GAO Says Long-Term Budget Outlook Even Bleaker
February 7, 2001
While budget projections for the next 10-year period look better, the long-term outlook looks worse, testified David M. Walker, Comptroller General of the United States, before the Senate Budget Committee yesterday.
Without a change in entitlement programs, says Walker, demographics will overwhelm the surplus and drive us back into escalating deficits and debt.
The GAO's long-term simulations, updated using the Congressional Budget Office's new budgetary estimates, show that spending for federal health and retirement programs will eventually overwhelm even today's projected surpluses -- even assuming no additional spending for defense, education, or a Medicare prescription drug benefit -- i.e., even if the entire unified surplus were saved.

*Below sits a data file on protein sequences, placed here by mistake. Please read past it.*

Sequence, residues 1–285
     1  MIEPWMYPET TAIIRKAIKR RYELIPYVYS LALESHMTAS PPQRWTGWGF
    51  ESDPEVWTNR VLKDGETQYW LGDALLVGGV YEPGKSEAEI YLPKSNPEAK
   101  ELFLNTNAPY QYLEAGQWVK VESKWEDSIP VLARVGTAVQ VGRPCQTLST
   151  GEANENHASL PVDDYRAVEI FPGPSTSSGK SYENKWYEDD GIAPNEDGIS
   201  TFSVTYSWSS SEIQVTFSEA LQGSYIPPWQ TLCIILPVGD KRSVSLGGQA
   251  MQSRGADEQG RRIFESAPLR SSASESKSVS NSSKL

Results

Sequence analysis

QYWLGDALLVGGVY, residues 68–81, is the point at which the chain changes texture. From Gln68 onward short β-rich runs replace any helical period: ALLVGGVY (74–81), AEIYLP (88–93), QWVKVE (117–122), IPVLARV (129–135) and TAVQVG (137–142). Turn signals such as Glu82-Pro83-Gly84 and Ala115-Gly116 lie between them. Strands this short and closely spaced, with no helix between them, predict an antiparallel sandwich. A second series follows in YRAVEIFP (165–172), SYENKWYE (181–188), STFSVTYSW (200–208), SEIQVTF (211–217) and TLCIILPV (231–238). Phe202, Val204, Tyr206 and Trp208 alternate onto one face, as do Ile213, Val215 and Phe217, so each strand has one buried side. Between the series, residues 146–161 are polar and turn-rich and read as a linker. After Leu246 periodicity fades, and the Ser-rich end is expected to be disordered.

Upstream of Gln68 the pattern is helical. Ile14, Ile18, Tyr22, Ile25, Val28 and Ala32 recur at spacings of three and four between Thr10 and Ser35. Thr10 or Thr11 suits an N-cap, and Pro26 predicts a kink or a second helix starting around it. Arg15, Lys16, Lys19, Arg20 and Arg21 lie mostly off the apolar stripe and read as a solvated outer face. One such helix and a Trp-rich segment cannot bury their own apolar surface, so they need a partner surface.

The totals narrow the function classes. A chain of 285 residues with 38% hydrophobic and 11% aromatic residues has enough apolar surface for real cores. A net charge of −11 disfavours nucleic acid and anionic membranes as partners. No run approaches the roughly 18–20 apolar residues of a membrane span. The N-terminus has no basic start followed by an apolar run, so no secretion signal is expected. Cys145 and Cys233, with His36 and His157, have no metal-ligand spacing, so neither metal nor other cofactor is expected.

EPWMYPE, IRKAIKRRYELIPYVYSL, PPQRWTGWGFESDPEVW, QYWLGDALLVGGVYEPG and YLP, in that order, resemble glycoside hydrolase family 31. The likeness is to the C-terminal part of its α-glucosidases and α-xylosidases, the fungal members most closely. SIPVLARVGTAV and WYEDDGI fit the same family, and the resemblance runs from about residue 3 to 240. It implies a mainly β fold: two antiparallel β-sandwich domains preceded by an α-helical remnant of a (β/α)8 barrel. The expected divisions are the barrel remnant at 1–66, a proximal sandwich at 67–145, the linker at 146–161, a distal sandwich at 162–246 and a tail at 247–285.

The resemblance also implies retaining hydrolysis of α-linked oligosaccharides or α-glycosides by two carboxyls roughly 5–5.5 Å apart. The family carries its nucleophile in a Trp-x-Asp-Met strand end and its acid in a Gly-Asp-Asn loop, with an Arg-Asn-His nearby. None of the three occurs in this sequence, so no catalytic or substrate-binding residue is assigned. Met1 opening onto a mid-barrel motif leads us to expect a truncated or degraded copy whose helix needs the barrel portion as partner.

Based on the recommendations of a technical panel advising the Medicare Trustees, the GAO assumes that Medicare costs per-beneficiary will grow at a rate one percentage point above per-capita gross domestic product (GDP) growth.
- Even if all projected unified surpluses are saved and used for debt reduction, deficits reappear in 2042.
- If only the Social Security surpluses are saved, unified deficits emerge in 2019.
- With no changes in federal medical and retirement programs, by 2030 Social Security, Medicare and Medicaid will absorb more than three-quarters of total federal revenue.
Thus, absent changes in the structure of Social Security and Medicare, some time during the 2040s government would do nothing but mail checks to the elderly and their health care providers.
Source: David M. Walker (Comptroller General of the United States), "Long-Term Budget Issues: Moving from Balancing the Budget to Balancing Fiscal Risk, Testimony before the Senate Committee on the Budget." GAO-01-385T, February 6, 2001, Washington, D.C.
For GAO text
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